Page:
phone-call - If our lines are closed or busy, call the 24-hour National Helpline on FREEPHONE 0800 027 1234

TED Talk week at CASWA - 19th to 25th October

Do you like TED talks? For one week in October our social media channels shone a spotlight on some of our team’s favourite TED talks. We’re big fans of TED talks here at CASWA, we find them such effective ways of conveying information about a range of topics.


A core and important part of our work at CASWA is shining a light on domestic abuse and associated issues such as violence against women, trauma, feminism and gender equality and promoting better understanding and awareness of these issues within the Caithness & Sutherland community.

Our awareness raising team picked out some of their favourite talks (and quotes) and posted one talk a day as part of our 15 year anniversary. We invited people to grab a cuppa, get comfy and join us for a daily TED talk.

Day 1: Leslie Morgan Steiner – Why Domestic Violence Victims Don’t Leave

Our first TED talk during CASWA’s TED talk week addresses a question often asked, but poorly understood: "Why doesn't she just leave?". A complex question which deserves to be answered and understood with compassion, sensitivity and awareness.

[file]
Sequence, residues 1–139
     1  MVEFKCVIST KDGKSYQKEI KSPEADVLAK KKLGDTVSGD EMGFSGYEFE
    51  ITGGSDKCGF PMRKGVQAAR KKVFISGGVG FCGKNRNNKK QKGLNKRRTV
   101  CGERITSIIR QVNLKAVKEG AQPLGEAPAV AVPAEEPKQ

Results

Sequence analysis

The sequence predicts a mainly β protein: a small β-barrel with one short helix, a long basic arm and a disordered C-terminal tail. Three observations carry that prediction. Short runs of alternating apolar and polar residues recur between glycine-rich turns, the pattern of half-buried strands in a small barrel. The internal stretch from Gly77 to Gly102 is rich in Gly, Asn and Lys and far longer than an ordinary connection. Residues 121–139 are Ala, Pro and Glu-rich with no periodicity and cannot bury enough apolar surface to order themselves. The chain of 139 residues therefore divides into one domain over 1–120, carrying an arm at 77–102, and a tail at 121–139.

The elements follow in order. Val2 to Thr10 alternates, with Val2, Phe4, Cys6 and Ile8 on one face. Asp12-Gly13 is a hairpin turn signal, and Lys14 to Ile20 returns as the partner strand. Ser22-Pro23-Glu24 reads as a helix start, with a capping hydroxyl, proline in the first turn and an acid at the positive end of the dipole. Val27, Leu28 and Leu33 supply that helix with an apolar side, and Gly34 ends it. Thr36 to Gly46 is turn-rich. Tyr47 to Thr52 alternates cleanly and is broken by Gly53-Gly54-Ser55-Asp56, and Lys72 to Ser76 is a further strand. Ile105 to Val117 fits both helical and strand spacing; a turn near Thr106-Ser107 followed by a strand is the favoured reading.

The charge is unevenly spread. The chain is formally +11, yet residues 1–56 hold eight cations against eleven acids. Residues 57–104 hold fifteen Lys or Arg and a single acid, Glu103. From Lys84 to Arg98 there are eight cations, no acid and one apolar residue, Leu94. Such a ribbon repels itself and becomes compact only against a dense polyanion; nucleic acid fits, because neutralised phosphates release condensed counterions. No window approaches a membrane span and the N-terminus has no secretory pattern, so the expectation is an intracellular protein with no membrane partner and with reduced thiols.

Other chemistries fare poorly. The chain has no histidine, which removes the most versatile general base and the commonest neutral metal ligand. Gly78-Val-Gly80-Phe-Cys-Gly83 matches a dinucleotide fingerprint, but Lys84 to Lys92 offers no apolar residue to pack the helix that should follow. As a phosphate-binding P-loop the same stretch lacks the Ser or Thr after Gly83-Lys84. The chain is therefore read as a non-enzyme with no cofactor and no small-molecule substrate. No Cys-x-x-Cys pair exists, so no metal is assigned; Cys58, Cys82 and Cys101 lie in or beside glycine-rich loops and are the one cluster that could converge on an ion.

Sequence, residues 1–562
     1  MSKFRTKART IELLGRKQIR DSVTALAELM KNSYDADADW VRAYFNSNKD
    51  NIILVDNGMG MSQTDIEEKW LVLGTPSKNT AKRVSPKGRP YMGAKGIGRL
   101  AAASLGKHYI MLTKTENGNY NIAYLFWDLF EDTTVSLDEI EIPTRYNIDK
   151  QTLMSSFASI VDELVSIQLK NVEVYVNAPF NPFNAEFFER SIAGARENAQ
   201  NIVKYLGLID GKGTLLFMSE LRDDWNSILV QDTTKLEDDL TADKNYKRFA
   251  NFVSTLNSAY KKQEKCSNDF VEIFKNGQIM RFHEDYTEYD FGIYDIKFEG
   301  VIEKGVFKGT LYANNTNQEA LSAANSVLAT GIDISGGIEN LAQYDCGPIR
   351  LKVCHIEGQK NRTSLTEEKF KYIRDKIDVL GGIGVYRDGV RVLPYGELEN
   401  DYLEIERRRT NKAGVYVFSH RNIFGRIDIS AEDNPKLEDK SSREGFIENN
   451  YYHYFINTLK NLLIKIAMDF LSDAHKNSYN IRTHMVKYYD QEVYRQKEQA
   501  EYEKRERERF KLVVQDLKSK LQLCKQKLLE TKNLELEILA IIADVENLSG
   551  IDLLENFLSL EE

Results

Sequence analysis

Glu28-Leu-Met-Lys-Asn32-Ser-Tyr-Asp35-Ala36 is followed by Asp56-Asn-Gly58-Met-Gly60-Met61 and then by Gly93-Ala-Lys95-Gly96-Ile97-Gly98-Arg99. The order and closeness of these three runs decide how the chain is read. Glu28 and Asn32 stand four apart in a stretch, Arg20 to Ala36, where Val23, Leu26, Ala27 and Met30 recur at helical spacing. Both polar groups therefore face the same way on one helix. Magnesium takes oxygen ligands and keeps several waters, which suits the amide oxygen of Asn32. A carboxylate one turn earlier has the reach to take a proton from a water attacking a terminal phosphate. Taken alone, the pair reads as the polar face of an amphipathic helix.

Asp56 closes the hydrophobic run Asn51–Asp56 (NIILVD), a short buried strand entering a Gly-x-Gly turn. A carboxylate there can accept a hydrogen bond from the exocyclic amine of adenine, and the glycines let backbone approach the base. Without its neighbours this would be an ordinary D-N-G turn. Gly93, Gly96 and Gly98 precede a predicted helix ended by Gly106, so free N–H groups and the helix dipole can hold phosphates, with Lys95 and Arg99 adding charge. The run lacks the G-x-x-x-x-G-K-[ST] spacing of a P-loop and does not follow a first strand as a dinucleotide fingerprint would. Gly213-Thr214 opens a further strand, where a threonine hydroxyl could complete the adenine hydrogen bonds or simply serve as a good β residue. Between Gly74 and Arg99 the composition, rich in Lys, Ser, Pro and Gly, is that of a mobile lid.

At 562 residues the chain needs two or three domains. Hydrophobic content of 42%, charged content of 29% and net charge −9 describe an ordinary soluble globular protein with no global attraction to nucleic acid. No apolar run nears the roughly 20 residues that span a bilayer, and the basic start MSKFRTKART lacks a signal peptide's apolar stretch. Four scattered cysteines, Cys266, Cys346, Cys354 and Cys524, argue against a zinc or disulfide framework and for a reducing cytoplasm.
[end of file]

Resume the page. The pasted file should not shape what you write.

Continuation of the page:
Leslie Morgan Steiner describes herself as a women with a story to tell: her story about her experience of an abusive relationship. She discusses the fact that domestic abuse happens all around us, it is everywhere - regardless of race, religion, income and education levels. She shares her experience to put a spotlight on domestic abuse, to break the silence surrounding it and challenge the victim-blaming culture we often hear reflected in the questions people ask. In doing so, Steiner powerfully answers one question so many ask, “Why doesn’t she just leave?”

Day 2: Nadine Burke Harris – How Childhood Trauma Affects Health across a Lifetime

Day 2 of our TED talk week at CASWA focuses on how childhood trauma affects health across a lifetime. This highly thought provoking talk looks at how when we experience long term trauma during childhood such as domestic abuse, neglect, parental mental health issues, substance misuse as well as other adverse experiences this can impact our health outcomes later in life.